One hundred and twenty-nine Type I diabetic pancreas transplant recipients who were at least 1 year post-transplant (n= 62 functioning graft, n=67 non-functioning graft) completed a quality of life questionnaire that included self-report ratings of symptoms. Reports of frequent low blood glucose symptoms, distress due to low blood glucose symptoms, and subjective ratings of poorer blood glucose control were significantly and highly correlated with dissatisfaction ratings on diabetes-specific measures of satisfaction with lifestyle, health and treatment r= 0.43 to 0.67, p<0.01). Overall life satisfaction and physical functioning were also significantly correlated with these symptom perceptions (r= 0.23 to 0.43, p<0.01). Symptoms had a significant impact on quality of life measures even after adjustment for the effects of pancreas graft status and other case-mix factors. The prevalence of reported low blood glucose symptoms in the previous month was about one-third for patients with a functioning pancreas graft (n= 19) compared to almost all patients in the non-functioning group (31% vs. 97%, p<0.0001). A limitation of this study is the absence of documented blood glucose values to correlate with symptom perceptions. Perceived low blood glucose symptoms could be inaccurate, particularly for very mild symptoms, and correlation with actual blood glucose may be very low. The symptomatic patients with functioning grafts generally reported a few mild symptoms per month, and this study was not able to demonstrate that symptomatic patients with functioning grafts have reduced quality of life. Thus, while the prevalence of transient self-reported symptoms of hypoglycemia in successful pancreas transplant recipients is 31% in this series, the severity of their symptoms is insufficient to impact quality of life measures.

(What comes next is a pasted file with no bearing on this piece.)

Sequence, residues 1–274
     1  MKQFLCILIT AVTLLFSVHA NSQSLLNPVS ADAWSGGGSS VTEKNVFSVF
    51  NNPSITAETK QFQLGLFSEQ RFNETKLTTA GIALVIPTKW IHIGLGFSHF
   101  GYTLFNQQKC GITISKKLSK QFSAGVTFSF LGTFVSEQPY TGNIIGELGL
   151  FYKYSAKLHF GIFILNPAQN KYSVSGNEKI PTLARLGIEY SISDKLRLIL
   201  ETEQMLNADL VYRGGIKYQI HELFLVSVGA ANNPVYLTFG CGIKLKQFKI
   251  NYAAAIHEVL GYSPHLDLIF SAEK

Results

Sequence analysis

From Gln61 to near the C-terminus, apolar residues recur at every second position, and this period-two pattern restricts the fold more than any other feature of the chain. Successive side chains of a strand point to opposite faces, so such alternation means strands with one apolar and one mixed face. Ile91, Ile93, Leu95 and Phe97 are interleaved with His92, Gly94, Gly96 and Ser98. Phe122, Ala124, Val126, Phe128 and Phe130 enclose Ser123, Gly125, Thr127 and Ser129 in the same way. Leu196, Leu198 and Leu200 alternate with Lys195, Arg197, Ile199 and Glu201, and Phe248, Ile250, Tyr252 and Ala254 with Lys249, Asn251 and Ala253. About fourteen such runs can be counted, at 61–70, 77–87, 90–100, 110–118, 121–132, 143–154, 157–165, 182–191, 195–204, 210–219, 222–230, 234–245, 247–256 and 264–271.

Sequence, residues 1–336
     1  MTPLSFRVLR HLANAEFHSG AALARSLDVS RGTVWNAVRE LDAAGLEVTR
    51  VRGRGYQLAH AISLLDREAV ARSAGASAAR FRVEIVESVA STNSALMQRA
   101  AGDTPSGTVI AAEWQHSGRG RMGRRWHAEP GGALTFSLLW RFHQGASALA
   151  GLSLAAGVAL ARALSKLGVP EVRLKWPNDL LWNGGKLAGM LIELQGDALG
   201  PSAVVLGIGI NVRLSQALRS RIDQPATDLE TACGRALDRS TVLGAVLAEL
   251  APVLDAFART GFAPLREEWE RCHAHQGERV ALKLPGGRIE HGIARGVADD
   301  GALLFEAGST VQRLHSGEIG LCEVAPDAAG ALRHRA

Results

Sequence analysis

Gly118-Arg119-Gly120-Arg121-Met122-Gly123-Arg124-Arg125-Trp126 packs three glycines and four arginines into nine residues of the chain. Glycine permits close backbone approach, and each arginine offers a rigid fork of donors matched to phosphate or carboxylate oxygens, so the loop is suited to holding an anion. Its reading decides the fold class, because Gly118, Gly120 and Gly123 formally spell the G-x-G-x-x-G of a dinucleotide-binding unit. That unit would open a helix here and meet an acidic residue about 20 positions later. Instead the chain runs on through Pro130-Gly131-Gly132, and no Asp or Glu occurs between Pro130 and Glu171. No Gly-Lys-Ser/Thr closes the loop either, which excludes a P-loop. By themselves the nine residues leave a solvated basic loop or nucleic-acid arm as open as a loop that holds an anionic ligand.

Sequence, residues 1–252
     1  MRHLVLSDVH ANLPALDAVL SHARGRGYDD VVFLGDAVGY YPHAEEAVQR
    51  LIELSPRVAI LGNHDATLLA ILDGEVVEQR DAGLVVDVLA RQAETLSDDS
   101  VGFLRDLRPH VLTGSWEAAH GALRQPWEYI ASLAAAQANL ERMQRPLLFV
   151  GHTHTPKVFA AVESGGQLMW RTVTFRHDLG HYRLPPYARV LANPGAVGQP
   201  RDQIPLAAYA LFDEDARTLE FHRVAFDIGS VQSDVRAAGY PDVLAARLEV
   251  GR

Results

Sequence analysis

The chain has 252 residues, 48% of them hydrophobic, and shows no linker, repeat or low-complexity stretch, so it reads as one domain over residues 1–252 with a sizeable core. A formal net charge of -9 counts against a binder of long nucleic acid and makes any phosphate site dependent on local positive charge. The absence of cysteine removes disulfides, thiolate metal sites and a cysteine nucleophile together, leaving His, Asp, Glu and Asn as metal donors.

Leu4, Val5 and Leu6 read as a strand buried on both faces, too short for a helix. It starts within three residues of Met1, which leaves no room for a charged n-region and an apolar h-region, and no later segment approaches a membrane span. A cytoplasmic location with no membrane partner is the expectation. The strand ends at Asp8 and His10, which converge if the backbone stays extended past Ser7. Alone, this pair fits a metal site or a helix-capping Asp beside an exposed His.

|Original language||English (US)|
|Number of pages||8|
|Issue number||4 I|
|State||Published - Jan 1 1993|
- Low blood glucose
- Patient perceptions
- Post-pancreas transplant